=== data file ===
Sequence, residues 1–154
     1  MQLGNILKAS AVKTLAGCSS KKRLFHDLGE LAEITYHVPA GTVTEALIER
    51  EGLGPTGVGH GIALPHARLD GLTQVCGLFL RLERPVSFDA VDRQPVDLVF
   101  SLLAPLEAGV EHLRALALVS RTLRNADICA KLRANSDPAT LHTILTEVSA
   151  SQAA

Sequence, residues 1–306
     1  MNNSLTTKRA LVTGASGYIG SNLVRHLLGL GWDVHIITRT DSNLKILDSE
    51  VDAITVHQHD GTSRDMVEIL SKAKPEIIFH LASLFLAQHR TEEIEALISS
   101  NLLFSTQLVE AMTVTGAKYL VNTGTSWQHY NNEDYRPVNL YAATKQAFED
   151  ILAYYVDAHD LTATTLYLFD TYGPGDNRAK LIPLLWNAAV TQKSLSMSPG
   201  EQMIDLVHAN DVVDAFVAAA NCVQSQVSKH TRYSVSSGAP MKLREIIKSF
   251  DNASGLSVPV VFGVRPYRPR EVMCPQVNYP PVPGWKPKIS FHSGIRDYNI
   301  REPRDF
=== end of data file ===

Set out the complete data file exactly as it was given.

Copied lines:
Sequence, residues 1–154
     1  MQLGNILKAS AVKTLAGCSS KKRLFHDLGE LAEITYHVPA GTVTEALIER
    51  EGLGPTGVGH GIALPHARLD GLTQVCGLFL RLERPVSFDA VDRQPVDLVF
   101  SLLAPLEAGV EHLRALALVS RTLRNADICA KLRANSDPAT LHTILTEVSA
   151  SQAA

Sequence, residues 1–306
     1  MNNSLTTKRA LVTGASGYIG SNLVRHLLGL GWDVHIITRT DSNLKILDSE
    51  VDAITVHQHD GTSRDMVEIL SKAKPEIIFH LASLFLAQHR TEEIEALISS
   101  NLLFSTQLVE AMTVTGAKYL VNTGTSWQHY NNEDYRPVNL YAATKQAFED
   151  ILAYYVDAHD LTATTLYLFD TYGPGDNRAK LIPLLWNAAV TQKSLSMSPG
   201  EQMIDLVHAN DVVDAFVAAA NCVQSQVSKH TRYSVSSGAP MKLREIIKSF
   251  DNASGLSVPV VFGVRPYRPR EVMCPQVNYP PVPGWKPKIS FHSGIRDYNI
   301  REPRDF